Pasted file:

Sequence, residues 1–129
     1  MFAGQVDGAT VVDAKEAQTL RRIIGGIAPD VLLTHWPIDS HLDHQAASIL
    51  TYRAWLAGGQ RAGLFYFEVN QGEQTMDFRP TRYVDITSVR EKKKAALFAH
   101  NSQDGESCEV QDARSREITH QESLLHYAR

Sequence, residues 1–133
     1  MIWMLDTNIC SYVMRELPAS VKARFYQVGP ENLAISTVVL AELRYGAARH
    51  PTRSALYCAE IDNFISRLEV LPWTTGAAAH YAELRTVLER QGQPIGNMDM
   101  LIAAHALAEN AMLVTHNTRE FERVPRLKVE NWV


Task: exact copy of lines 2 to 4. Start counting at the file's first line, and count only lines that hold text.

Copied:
     1  MFAGQVDGAT VVDAKEAQTL RRIIGGIAPD VLLTHWPIDS HLDHQAASIL
    51  TYRAWLAGGQ RAGLFYFEVN QGEQTMDFRP TRYVDITSVR EKKKAALFAH
   101  NSQDGESCEV QDARSREITH QESLLHYAR